Cry Me a River is a fabulation about the future of humankind, where the community is the only way forward. The foam-born Venus figure is part of a sci-fi universe on the wet planet Venusmira, named after, and taking the shape of, the transsexual sea snail Miamira alleni. In contrast to the other planets of the galaxy, Venusmira has a fluid, constantly changing organic form. After the end of Earth, Venus tries to lead the beings of Venusmira towards a new social order. The planet can only survive if everyone is connected. However, colonies slowly begin to originate from the community, just as remnants from Earth constantly threaten the peaceful planet.

The title of Floating Art 2019 is inspired by pop singer Justin Timberlake’s song from 2002, Cry Me a River.

Concept

“Science fiction is not predictive; it is descriptive ”

- Ursula K. Le Guin

 

The concept for Cry Me A River is a sci-fi narrative inviting artists and audience to think along with and complete the story. The story is built around three time periods to create the scary thought that the climate changes that leads to Earth’s downfall has already happened once, and that history simply repeats itself: We need to act now on humankind’s destiny, if we, and the rest of the planet’s lifeforms, are to survive. We can only do that together. The three time periods which could constitute three books, are connected to three planets:

The planet Venus (past), the planet Earth (present) and the planet Venusmira (future).
The exhibition is the third book, which takes place in the future to give us another view of the present.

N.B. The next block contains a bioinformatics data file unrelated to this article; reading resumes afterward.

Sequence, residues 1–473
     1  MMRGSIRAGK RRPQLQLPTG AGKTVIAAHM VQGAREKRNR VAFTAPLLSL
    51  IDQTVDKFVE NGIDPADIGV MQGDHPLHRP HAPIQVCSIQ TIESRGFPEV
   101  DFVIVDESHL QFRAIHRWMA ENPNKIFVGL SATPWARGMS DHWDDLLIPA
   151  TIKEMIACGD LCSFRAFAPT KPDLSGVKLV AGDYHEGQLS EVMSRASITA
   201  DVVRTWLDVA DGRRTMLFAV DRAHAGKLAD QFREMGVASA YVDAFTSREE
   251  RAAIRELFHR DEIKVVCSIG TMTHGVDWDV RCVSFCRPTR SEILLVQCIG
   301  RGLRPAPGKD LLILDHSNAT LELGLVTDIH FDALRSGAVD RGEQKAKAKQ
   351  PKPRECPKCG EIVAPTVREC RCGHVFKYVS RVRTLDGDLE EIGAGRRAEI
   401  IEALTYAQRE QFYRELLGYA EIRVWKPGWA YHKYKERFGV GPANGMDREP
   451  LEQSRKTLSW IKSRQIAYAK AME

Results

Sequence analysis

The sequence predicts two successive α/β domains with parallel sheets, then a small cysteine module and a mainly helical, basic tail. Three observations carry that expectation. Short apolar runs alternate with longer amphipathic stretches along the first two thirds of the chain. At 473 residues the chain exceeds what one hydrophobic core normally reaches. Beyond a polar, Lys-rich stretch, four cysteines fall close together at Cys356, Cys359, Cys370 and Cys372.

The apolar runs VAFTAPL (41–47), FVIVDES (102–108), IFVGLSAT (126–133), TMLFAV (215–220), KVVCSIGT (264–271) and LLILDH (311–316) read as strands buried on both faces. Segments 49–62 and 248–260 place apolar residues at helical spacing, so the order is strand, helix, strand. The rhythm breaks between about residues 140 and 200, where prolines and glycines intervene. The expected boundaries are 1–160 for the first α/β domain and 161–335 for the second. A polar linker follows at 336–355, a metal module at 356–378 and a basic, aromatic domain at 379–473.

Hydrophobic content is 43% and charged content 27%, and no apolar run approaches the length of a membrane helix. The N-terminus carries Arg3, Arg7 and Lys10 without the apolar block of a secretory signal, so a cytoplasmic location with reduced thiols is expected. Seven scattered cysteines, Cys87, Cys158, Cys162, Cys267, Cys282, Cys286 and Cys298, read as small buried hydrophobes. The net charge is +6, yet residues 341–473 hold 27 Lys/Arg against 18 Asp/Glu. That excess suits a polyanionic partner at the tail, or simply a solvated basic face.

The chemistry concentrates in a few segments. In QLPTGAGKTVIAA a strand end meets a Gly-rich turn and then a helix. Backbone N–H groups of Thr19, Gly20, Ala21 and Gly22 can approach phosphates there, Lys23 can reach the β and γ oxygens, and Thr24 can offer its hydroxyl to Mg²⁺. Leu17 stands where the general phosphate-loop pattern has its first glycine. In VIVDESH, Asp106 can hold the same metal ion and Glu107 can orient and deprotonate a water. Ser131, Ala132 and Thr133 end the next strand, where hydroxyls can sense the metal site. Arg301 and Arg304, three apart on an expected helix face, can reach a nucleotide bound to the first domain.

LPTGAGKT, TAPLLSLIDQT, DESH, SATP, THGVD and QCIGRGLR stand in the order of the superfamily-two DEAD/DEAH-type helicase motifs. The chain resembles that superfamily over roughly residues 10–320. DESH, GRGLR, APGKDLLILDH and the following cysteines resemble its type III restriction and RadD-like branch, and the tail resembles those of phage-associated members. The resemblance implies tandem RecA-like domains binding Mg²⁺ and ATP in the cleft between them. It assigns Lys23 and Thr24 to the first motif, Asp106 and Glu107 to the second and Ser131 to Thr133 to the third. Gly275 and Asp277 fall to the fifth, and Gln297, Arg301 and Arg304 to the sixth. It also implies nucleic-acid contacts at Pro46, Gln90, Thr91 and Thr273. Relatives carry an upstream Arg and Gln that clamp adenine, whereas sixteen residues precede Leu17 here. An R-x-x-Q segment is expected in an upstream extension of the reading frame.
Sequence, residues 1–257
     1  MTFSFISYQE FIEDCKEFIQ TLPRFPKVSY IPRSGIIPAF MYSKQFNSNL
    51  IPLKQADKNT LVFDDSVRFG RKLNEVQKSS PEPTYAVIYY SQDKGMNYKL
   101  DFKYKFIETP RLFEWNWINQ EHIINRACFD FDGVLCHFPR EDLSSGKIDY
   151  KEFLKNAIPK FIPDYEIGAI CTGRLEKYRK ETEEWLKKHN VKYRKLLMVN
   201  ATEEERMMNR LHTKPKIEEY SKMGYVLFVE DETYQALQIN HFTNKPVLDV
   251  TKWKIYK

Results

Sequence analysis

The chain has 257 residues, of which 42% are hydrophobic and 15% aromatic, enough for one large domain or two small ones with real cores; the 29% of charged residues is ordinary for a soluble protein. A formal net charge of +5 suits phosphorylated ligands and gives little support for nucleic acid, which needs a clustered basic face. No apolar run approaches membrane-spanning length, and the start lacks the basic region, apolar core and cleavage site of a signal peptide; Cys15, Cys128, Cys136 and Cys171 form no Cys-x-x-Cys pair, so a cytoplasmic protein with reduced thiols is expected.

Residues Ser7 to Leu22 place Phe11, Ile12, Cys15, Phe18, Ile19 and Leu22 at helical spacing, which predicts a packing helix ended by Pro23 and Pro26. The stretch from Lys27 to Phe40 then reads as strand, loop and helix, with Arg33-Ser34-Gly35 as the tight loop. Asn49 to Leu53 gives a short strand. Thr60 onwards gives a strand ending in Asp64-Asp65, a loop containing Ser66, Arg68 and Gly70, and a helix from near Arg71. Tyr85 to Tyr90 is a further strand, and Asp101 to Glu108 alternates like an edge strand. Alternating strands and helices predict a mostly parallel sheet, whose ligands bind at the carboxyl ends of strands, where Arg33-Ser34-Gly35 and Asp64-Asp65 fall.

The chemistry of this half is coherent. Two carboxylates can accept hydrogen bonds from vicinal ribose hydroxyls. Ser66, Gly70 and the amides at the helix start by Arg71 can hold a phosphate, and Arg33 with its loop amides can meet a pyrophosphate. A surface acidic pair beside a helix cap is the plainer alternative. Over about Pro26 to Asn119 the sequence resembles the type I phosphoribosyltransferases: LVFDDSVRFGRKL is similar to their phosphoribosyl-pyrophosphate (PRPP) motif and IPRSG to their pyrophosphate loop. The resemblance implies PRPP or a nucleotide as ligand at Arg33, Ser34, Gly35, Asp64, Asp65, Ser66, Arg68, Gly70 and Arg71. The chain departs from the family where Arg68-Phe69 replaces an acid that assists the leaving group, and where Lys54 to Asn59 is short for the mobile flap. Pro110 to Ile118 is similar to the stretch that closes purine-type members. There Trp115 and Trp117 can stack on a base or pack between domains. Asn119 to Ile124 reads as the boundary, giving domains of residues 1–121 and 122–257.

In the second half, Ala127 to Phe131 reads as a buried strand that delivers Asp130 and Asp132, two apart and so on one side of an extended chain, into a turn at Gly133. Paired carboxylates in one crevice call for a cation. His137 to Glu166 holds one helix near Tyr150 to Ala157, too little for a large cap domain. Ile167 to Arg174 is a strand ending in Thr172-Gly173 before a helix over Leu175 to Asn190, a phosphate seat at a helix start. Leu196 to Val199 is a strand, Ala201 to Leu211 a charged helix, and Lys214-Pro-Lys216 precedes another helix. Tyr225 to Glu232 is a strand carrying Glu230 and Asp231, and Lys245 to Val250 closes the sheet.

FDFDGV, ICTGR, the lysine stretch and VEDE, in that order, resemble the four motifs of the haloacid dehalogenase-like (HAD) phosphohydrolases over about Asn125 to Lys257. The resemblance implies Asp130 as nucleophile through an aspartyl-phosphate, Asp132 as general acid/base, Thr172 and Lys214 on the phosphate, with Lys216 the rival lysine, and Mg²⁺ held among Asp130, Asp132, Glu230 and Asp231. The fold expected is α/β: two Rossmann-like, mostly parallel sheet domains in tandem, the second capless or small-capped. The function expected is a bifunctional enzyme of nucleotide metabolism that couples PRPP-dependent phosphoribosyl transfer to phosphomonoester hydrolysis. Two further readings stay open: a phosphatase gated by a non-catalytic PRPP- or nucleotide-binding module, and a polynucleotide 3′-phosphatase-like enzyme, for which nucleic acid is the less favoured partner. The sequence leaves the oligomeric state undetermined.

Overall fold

The Greek-mythological love goddess, Venus, is the common figure.

Venus is one of the most used figures and depicted bodies in art history. Most people might know her from the artist Sandro Botticelli’s painting “The Birth of Venus” or the famous Venus sculpture “Venus of Willendorf”, created about 24,000 years ago. The mythological narrative tells how Venus’s father, the god Saturn, in a battle castrated his tyrannical father and threw his genitals into the sea. Venus was created from the mixture of blood, sperm and seawater, rose from the sea foam by the coast and went ashore.

Cry Me a River rewrites the patriarchal and slightly primitive narrative we also know from the Bible, where the woman is created from the man and instead inserts a queer-oriented alternative where men can become pregnant and give birth to children. This is inspired by seahorses, where the female seahorse lays her eggs in the male seahorse, who carries and gives birth to the babies.

Science fiction mostly deals with outer space, aliens, and the fear of the unknown, but many science fiction characters are taken directly from the sea like the Phronima parasite that inspired the Alien films. We still do not know 91 per cent of the different species living in the sea. Those we do know, show us completely different sensory devices and ways of communicating, such as the Mantis shrimp which has up to 16 cells in the eye for reading light and colour – unlike humans who only have three. Or dolphins’ ability to “see” via echolocation, where they “read” the echo of sound waves from the objects close to them. Thus, it is in our own biological backyard that we can find inspiration for other ways of understanding and sensing the world.